If you were approaching a cliff edge, or baiting a particularly volatile sibling, you wouldn’t ignore the warning signs (rocks tumbling into the abyss, your sister’s pupils dilating as she lunges for the nearest sharp object etc.). When it comes to visiting dodgy sites though, why do a shocking number of users ignore internet security warnings, even though it could put their personal information and businesses at risk?
SSL warnings pop up in your browser when you try to navigate to a site that doesn’t have great encryption, or if there’s a problem with the certificate authentication (i.e. the site might not be what it says it is). You’ve probably seen them and – statistically – you’ve probably ignored them. And unfortunately, these are not situations you want to find yourself in.
Despite this, a recent study from Google showed that 70% of Chrome users don’t pay any attention to the warnings that pop up in their browser. Firefox users, on the other hand, apparently are the other way round, with 70% sticking to the warnings – perhaps because traditionally Firefox is thought of as a browser for more security conscious users. Either way, with Chrome as one of the most popular systems – and a still concerning 30% of Firefox users ignoring warnings – it’s important to try and understand what’s happened.
The problem seems to be that we’re already so overloaded with info, that we don’t understand the information the warnings are telling us, and that they get in the way of writing emails/browsing crafts made by serial killers on Etsy/generally living our lives. To try and overcome this, Google found – with the help of a study from Carnegie Mellon University – that the way that information is presented is key.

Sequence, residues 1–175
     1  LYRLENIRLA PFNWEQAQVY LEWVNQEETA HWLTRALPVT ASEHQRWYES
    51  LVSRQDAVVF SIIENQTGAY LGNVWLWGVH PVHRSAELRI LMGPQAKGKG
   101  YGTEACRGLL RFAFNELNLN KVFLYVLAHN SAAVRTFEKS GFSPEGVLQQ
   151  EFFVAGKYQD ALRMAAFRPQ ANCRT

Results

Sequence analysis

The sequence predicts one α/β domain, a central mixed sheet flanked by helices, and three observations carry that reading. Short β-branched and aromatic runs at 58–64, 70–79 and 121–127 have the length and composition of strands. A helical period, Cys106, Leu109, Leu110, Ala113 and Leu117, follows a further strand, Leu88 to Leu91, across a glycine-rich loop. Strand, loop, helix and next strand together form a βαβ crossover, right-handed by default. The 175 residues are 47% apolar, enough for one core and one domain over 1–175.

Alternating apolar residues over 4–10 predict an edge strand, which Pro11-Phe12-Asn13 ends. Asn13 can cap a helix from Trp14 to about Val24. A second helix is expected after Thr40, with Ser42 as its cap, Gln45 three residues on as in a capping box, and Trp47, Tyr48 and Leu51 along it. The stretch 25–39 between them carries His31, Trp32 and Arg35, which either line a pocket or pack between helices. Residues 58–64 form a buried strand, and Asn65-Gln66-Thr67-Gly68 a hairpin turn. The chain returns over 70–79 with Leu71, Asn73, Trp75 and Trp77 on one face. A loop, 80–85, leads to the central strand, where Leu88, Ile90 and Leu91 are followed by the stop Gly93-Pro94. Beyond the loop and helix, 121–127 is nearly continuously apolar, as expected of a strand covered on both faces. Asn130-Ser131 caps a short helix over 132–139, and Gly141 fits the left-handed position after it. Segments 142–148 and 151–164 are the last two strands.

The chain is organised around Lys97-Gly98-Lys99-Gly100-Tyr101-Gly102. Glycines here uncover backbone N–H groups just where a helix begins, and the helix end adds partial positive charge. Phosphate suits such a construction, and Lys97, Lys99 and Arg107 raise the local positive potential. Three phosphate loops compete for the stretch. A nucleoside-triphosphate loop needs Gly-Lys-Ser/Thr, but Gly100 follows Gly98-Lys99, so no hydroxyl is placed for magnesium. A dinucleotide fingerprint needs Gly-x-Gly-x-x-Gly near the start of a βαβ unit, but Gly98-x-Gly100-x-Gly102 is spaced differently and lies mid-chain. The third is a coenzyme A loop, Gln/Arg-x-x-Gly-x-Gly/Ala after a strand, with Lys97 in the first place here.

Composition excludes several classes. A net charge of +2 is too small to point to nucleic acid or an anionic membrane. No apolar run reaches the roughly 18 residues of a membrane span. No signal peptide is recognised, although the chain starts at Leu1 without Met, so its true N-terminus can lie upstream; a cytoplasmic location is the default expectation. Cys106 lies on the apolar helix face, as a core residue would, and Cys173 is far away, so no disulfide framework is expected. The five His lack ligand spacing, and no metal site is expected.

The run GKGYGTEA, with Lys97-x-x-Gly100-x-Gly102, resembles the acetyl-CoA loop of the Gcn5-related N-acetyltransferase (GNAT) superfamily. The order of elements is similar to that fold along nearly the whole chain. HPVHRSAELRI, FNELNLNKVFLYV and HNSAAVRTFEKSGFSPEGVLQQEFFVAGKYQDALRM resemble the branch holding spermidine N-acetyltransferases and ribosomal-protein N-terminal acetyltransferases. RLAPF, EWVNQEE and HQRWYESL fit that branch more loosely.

Obviously, communicating the info in a clear, relatable way is important (when users are baffled by words like certificate authentication they’re more likely to go ‘I’ll deal with that later’ – which is code for ‘I’ll deal with that never’). The report suggested several things that warnings should do.
These included describing the risk and the effects it has, but also being concise and not too technical; if a user is going to see this as more than a distraction, it needs to have clear and immediate value to their life. The report says that it should also offer clear options. So, for example, “Continuing could result in your bank details being exposed – go back to safety”, is clear, concise and highlights the safest option.
Chrome 37 incorporated these rules into their pop ups, but didn’t find as big an improvement as expected. Instead, they found that what worked best in the end was changing the design elements rather than the text itself.
By steering users toward the safest option – like highlighting the safer choice in a bright colour, and making the unsafe choice hidden behind ‘advanced’ options etc. – they nearly doubled compliance. However, it’s still not getting everyone.
With new victims succumbing to threats every second, understanding how easy it is to fall prey to attackers is vital. It’s about team work – users need to educate themselves, and organisations also need to get the threats across in an easy-to-understand way. We now need to aim for 100% compliance, so that we’ll all be safer from the falling rocks and sharp objects that are threatening our online safety.
What do you think – what can organisations do to make sure users pay attention to the warning signs?
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